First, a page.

We knew the Galaxy Watch 4 was coming, and that it would run the new Wear OS Samsung co-engineered with Google. We even saw previews of what it would look like. But that doesn't mean there's nothing left to learn about Samsung's latest smartwatches. The Galaxy Watch 4 and Watch Classic 4, which launched today, feature a new 3-in-1 sensor, sharper screens and can even perform body fat scans. At a demo event in New York, I was able to check them both out and see what Wear OS on a Galaxy watch looks like.
Before we get too far ahead though, it’s worth noting that Samsung’s getting rid of the “Active” branding from its existing lineup — the Watch 4 is the spiritual successor to the Watch Active 2 (there wasn’t an Active 3). Meanwhile, it’s adding the “Classic” moniker to the previous “regular” Watch line, which the Watch 4 Classic is now the latest member of. Yep, not confusing at all.
The new Wear OS on Samsung is basically Tizen
Setting aside the frustrating rebranding, Tizen fans have nothing to worry about with the new OS on the Watch 4s. There’s barely any difference. The main change I noticed is that instead of All Apps being one of the pages that you come across when swiping sideways through the watch, you can now access them by pulling up from the home screen. Otherwise, you can still swipe horizontally to scroll through widgets and cards like Weather, Exercise, Heart Rate and Stress, while quick settings are above the home screen.
This similarity to Tizen is something Samsung and Google are aware of. A Google spokesperson told Engadget that Wear OS 3 lets device makers add customized user experiences on top of the platform, like picking specific apps and services to be the default options. Though the two companies collaborated to “bring together the best of Wear OS and Tizen into one unified platform,” it’s becoming evident that smartwatch makers will still bring distinct identities to their devices.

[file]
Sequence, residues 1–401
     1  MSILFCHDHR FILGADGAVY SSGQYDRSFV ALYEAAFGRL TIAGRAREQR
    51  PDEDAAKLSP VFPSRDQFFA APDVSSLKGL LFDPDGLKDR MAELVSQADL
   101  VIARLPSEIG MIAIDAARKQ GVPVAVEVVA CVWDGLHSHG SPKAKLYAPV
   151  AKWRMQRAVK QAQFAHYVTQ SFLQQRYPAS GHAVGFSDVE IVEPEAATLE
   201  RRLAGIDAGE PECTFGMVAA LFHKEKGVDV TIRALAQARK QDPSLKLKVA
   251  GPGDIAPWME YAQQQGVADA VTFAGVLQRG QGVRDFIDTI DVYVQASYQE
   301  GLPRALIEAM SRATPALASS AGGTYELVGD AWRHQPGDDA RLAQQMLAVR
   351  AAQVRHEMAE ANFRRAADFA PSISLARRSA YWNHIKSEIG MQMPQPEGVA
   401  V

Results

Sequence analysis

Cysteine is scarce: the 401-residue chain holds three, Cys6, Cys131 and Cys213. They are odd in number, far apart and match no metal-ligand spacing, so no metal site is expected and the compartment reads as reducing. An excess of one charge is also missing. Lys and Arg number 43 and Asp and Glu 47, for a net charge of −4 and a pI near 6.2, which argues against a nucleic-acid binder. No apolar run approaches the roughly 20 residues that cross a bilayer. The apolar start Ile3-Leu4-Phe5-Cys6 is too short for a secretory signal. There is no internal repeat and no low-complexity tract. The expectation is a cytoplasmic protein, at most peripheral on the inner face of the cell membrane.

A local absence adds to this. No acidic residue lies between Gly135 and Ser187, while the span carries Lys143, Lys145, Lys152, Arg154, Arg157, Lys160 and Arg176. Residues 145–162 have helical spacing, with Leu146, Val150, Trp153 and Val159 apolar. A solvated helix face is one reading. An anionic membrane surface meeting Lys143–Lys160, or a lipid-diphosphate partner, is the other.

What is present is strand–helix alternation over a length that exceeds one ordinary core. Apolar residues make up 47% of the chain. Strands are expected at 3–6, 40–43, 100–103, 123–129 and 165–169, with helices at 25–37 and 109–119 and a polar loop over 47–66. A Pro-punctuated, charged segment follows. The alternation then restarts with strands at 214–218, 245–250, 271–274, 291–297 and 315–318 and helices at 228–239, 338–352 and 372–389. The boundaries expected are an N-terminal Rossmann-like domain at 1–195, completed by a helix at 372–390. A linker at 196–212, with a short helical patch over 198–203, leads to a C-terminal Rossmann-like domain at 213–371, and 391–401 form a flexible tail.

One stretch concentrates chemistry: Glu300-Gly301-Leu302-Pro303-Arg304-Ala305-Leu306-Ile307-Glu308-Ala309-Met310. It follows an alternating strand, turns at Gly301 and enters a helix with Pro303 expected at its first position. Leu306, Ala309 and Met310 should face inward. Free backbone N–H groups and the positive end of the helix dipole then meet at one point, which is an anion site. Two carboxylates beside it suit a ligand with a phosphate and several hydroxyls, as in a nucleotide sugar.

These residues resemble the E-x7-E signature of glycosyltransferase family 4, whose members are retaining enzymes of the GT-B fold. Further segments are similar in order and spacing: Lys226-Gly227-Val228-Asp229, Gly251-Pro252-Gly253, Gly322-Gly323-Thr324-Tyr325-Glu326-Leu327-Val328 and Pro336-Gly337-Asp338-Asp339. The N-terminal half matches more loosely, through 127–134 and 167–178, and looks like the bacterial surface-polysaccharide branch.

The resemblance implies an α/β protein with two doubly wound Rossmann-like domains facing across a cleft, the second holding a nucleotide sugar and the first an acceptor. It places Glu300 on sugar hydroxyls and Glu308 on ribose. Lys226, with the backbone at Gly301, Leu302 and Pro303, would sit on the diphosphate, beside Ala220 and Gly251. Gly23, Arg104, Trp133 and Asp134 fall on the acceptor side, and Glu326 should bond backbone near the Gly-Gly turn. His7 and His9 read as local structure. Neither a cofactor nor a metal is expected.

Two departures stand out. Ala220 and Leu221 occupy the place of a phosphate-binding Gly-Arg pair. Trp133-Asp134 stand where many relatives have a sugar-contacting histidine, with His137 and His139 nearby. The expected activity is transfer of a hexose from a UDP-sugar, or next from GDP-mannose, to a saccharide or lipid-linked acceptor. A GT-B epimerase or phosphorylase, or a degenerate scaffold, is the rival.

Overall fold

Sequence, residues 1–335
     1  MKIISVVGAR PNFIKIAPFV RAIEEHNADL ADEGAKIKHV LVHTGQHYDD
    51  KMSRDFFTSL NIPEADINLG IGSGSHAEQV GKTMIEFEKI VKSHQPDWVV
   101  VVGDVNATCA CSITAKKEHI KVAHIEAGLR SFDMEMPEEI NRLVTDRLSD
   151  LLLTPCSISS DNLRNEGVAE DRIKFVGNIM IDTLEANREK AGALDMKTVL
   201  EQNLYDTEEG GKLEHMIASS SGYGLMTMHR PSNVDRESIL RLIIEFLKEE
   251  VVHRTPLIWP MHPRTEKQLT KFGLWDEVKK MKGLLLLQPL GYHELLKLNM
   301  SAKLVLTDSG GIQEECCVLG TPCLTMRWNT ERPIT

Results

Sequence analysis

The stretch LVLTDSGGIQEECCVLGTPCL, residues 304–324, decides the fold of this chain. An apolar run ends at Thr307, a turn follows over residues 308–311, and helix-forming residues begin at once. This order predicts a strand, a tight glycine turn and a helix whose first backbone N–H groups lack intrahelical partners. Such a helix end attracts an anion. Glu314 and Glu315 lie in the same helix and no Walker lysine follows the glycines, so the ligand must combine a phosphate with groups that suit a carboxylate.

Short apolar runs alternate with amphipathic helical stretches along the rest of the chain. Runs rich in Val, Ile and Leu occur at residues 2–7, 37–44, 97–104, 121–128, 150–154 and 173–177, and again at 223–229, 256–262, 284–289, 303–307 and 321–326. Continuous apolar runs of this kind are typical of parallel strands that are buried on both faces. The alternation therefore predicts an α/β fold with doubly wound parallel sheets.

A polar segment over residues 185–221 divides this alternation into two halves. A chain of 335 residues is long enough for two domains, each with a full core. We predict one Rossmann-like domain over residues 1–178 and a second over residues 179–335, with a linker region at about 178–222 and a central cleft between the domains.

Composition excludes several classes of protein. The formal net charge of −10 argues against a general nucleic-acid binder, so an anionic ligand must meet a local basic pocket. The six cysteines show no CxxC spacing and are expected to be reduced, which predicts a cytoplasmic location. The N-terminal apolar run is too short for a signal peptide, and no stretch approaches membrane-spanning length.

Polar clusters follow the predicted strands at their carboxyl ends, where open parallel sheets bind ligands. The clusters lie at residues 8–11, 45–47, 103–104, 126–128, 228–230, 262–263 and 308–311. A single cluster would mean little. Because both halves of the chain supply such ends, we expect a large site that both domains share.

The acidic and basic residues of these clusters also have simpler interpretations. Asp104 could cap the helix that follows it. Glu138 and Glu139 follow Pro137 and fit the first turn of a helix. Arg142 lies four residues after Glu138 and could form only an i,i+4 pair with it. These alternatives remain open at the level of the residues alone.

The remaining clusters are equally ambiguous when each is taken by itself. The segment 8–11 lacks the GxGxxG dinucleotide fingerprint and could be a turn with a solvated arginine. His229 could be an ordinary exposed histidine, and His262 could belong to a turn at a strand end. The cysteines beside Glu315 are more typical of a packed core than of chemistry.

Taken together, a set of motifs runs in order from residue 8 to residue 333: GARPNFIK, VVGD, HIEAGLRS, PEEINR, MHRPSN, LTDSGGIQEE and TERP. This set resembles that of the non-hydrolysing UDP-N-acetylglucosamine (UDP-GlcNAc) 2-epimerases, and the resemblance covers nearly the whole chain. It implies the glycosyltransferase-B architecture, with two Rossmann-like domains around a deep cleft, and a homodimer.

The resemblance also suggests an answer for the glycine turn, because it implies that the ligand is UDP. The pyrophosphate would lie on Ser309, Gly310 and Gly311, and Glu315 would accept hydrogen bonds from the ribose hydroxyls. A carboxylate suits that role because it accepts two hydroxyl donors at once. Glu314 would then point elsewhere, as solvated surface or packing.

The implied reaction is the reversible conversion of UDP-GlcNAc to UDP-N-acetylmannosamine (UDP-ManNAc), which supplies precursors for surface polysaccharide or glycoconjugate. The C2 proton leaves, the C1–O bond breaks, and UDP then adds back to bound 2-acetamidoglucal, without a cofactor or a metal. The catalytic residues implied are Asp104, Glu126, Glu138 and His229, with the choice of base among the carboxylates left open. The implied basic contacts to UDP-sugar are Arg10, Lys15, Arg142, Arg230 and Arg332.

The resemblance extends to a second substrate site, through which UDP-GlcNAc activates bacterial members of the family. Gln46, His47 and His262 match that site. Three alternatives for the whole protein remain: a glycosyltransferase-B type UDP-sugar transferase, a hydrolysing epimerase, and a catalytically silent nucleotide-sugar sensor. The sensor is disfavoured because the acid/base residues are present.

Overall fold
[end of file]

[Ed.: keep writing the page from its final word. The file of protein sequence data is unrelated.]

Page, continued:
To distinguish between different versions of Wear OS, there will be unique branding as well. For example, the Galaxy Watch 4 series is running “Wear OS powered by Samsung.”
It’s still unclear what Wear OS 3 will look like on other devices, but a Google spokesperson added that “while we expect many watches to have this experience in the future, there will start to be new consumer experiences introduced to the ecosystem.” Confusing? Potentially. But for now, it sounds like, while Google and Samsung did collaborate on a unified wearable platform, Galaxy smartwatches will run what amounts to a renamed version of Tizen with better third-party app support.
There are updated Google Maps, Messages, Pay and YouTube Music experiences, along with new apps and Tiles from Calm, MyFitnessPal, Strava, Sleep Cycle, Spotify and more. The Play Store is also available on the Galaxy Watch 4 for wrist-based discovery and installation, while Samsung’s One UI interface makes it easier to keep your phone and watch themes and notifications in sync.
Minor cosmetic updates
On the Watch 4 Classic, you’ll find Samsung’s hallmark rotating the bezel for spinning through widgets. Like the Galaxy Watch 3, the mechanical wheel is lighter and less clunky than older models, while still getting into each notch with a satisfying click.
The larger variants of both the Watch 4 and Watch 4 Classic feature sharper 450 x 450 displays, while remaining basically the same size as before. The Classic now comes in 42mm and 46mm options versus 41mm and 45mm before, and the regular or Active models are still available in 40mm and 44mm. Also, Samsung is offering the Classic style in black, silver or green, and the standard edition in black, silver or pink.